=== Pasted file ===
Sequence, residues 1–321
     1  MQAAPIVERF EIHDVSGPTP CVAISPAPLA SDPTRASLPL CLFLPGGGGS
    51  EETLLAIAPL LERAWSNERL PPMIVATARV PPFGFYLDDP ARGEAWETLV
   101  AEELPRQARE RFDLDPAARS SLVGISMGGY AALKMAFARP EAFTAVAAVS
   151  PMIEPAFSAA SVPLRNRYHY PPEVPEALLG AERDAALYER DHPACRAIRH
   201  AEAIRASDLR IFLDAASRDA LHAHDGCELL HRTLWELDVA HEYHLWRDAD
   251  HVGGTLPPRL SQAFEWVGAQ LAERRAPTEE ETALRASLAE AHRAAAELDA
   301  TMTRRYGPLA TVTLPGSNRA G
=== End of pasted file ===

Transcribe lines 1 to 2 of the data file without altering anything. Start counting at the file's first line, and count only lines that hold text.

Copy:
Sequence, residues 1–321
     1  MQAAPIVERF EIHDVSGPTP CVAISPAPLA SDPTRASLPL CLFLPGGGGS